During the 1990’s, Chicago’s B96 was one of the most unique Rhythmic CHRs in the U.S. This is a montage of the broad-based, personality-heavy “Street Flava” program.
In the Spring of 1998, 107.3 WZZP teased Southern New Jersey with a Rhythmic CHR format. With no promotion or publicity, this brand new signal garnered a 2 share (12+) in its first ratings book. Seeing the hole for something between Urban AC WTTH and Adult leaning CHR WAYV, Margate Communications rolled the dice with hopes of being different. Pulling the plug on recently acquired satellite Modern Rocker WDOX, Margate moved the southern half of the Urban AC “Touch” simulcast from 105.5 to WDOX’s 93.1 slot. Rimshotting greater Atlantic City area from Cape May Court House, WBNJ (which quickly became WZBZ) debuted with a Dance CHR format designed to target WAYV, while still protecting WTTH. Within a year, WZBZ moved to 99.3 in Pleasantville, while retaining the 105.5 simulcast as WGBZ, giving ...
According to Wikipedia — KDNR (whose call letters supposedly stood for “Dance and Romance”) launched sometime in the Spring of 1995, possibly with an all Dance or very Dance-heavy format. As demonstrated on this aircheck, by early 1997, the station had become rather unfocused as it attempted to broaden its music mix. I’m not sure if the station always used the very odd “Rhythm-Driven 106-3” name – any additional details would be much appreciated. Special thanks to Dave Dart – who at the time was program director of Rhythmic AC competitor KZRQ “Star 105 FM” – for recording this aircheck and meeting me for lunch when he was visiting Phoenix. The station now offers a CHR format known as “Z106.3”.
WBLI was an upbeat, fun-sounding CHR outlet, offering Long Island a locally focused alternative to similarly formatted stations from New York City.
94.7 FM in Chicago has held many formats over the years. In the early 2000’s, it was known as “94.7 The Zone”, which began as a rock-leaning 80’s station but quickly evolved to the Alternative format heard on this montage. NOTE: The aircheck begins with an unnamed personality; Matt Wright takes over as host shortly thereafter.
This is a sample of Ventura County’s longtime Rhythmic CHR (now found on 95.9 FM), voiced by the late Brian James. At this time, Q104.7 still offered a relatively balanced Rhythmic CHR format, featuring a mix of R&B, dance, hip-hop and rhythmic gold/oldies selections.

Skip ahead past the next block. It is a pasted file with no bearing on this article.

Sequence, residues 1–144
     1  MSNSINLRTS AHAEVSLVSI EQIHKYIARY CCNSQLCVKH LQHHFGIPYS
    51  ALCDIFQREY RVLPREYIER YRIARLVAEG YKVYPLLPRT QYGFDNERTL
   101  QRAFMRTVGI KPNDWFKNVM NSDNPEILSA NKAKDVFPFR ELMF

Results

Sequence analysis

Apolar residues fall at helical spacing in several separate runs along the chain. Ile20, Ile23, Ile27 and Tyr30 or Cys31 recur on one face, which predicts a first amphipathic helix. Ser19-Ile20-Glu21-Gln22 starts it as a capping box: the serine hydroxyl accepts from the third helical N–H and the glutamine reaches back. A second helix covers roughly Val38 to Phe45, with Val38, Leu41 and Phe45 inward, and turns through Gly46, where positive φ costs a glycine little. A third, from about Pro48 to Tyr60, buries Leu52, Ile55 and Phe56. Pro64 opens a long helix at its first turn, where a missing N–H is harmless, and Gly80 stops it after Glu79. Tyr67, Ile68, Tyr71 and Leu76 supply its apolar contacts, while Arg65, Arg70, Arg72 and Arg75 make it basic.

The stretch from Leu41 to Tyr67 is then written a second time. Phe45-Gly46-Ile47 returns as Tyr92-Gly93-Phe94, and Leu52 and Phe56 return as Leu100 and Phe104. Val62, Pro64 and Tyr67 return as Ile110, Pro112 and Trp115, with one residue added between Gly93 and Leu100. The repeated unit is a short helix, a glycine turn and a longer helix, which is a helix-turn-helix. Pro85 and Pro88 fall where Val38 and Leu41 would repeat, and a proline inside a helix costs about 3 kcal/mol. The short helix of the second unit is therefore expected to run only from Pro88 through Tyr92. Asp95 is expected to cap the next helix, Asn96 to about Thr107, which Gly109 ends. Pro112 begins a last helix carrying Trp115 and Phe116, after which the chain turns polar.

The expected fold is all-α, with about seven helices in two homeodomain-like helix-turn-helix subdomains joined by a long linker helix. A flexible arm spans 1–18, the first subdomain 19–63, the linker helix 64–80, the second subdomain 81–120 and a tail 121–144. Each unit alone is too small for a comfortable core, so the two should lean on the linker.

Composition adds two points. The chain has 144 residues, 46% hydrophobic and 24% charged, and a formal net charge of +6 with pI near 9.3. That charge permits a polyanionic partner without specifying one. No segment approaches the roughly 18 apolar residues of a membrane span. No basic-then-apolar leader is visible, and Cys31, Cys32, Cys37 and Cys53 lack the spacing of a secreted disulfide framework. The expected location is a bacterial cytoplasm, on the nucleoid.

“Variety 97.7, WVRT” was (and may still be) one of the best small-market CHRs I’ve ever heard.
According to the Indiana Radio Archive and Wikipedia (pages linked below)… Z-102.3 debuted in January 1999, making this a very early aircheck in that station’s history. The call letters changed from WGL-FM to WCKZ in either March or April of that year. In March 2001, the station (and WCKZ calls) moved to 94.1 FM, and the format changed to Urban AC (supposedly with the new name “Z-94”). At the same time, 102.3 became the new home of WEJE (formerly on 96.3), with a Modern Rock format (possibly calling itself Extreme 102.3)…later becoming X-102.3 with the WXTW calls. Confused yet? Indiana Radio Archive – WGL-FM Indiana Radio Archive – WCKZ Indiana Radio Archive – WEJE Wikipedia – WGBJ
This is a sample of legendary Philadelphia jock Terry Young during his days at Rhythmic CHR WIOQ (Q102) in the late 90’s. Young is most famous in the market for his time at Hot Hits! 98 WCAU-FM in the early 1980’s. Additional Terry Young airchecks can be found here.
“102.5 WFMF” is one of the more heritage CHR/Top 40 stations in the United States – although, according to Wikipedia, it has strayed away from its format and especially its name multiple times over the years. Like many CHR outlets in that era, WFMF took a high-energy, dance-leaning approach. NOTE: The logo shown above is not necessarily the one used at the time this aircheck was recorded; it is likely from an earlier era.
During the mid-1990′s, under the direction of Program Director Don Parker, KKFR (Power 92) in Phoenix was at its peak, registering an all-time high 7.1 share (12+) in the Winter 1996 Arbitron survey. The station offered a broad Rhythmic CHR mix that focused primarily on dance and R&B music. The weekend before Christmas 1995, the station celebrated its 10-year anniversary by playing songs with release dates as early as 1985. In reality, the station’s formats during that era, particularly from 1991-1994, were not necessarily ones that featured the selections heard on this montage; this is more of a representation of what would have been played if Power 92 had their late 1995 format during the full span. One of the personalities heard is Supersnake. He was one of the most recognized...